I also faced these problems. In our case we had a set of tables (~5) that had 25M to 50M inserts per day. This was on Tier1 SAN and 8-way and 16-way boxes. In our case, this was a fairly typical OLTP workload and we needed the data to be purged after around 3 days. We also had the additional constraint that we had to purge concurrently because the system was 24x7. Yes there were some periods of less activity (in which we ran the purge to minimize the decrease in throughput), but we still had concurrent inserts happening.
When I saw your suggestions I noted the following road blocks to implementing them in my environment:
1) the lock escalation-- this is going to escalate to table locks in SQL 2005 (without undocumented trace flags), which you accpet as you set the table lock to TABLE -- although this would happen with the default setting, so I'm not sure what this statement is for.
2) there are a lot of deadlock possibilities when using a secondary index to join into the clustered index to do a delete. An X lock will be taken on the record in the secondary, and then an X on the clustered. Which is OPPOSITE ordering from a normal insert which will take an X lock on the clustered primary index, then an X lock when inserting into the non-clustered, secondary index. In your case, this is largely mitigated after the 5000th lock or so as the lock escalation will prevent the additional deadlock opportunities. However, for us, the table lock escalation was unacceptable as is so we didn't do this.
Here are my thoughts on this (only with regards to clustered index deletes-- I have no experience with heap deletes, and would like to hear more about why you are using heaps in the first place-- I know of only a few very narrow cases with typical hardware configurations and typical workloads where heaps are the right answer):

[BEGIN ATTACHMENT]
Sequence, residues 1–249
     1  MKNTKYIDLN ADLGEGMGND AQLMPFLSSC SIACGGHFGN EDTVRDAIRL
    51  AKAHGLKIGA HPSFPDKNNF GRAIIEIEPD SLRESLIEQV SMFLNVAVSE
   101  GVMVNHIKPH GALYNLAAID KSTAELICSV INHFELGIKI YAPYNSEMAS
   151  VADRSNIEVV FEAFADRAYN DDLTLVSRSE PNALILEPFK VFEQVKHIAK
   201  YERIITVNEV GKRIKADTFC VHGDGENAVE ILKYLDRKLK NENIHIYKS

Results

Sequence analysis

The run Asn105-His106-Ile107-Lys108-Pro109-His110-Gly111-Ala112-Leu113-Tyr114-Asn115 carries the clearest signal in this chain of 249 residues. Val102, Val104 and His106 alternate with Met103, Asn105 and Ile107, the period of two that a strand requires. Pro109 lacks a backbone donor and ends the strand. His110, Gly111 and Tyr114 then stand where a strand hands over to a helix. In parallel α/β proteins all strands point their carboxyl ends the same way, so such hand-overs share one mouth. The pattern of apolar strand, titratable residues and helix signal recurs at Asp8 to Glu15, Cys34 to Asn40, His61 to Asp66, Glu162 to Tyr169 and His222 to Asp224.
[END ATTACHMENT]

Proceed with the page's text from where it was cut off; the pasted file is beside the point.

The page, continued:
1- the _best_ option if it works with your constraints is to utilize horizontal purging. Data purging should be a constant time, metadata operation if you are in a high volume, high churn OLTP environment. It just makes little sense to be wasting so many cpu cycles and log writes to handle something that is not part of "real time" processing. SQL 2005 supports "sliding window" partitioning fairly well-- there are some problems to overcome with some scripting, but others before me did it well and have their scripts out there online. To make this work you have to have easy groups (dates, days of the week, etc) that you can use to make your partitions.
2- If you aren't using SQL 2005+ or Oracle or something that natively supports horizontal partitioning (or you aren't using the enterprise editions of these products, which include support for this) then you can approximate horizontal partitioning with views, but it is extremely messy. I have seen this done in a number of systems, and its always a headache for the dba and the people writing the scripts to maintain it, but it doesn't always impact developers. They program accept the schema in the view and don't care about whats under the view.
3- If you can't use partitioning then if you can design the primary key to be prefixed with the date or something that is sargable to be able to purge on the clustered primary key then that is ideal. This is _close_ to what you have suggested, but results in a plan that is insert and deadlock friendly. Then you can mitigate escalation by "batching" the purge-- i.e. TOP n as you suggested so that no escalation occurs, hurting throughput. If you are in an environment that can tolerate the escalation then by all means do it!
4- If you can't do that, then you are stuck with secondary lookups and just have to deal with the escalation and hopefully have a window to delete that doesn't have concurrent throughput requirements.
In general this is one of those things that is extremely frustrating to me about traditional RDBMSs. In my opinion its a side-effect of the "be everything to everyone" philosophy which RDBMSs follow, which makes them less-good at any one of these behaviors. This is a complete requirement for an OLTP data store-- and yet we have to rely on features which cost avg 120k$ (enterprise mssql) or worse (600k$+ for oracle enterprise + partitioning) just to get a simple feature like clean, simple, meta-data only purging.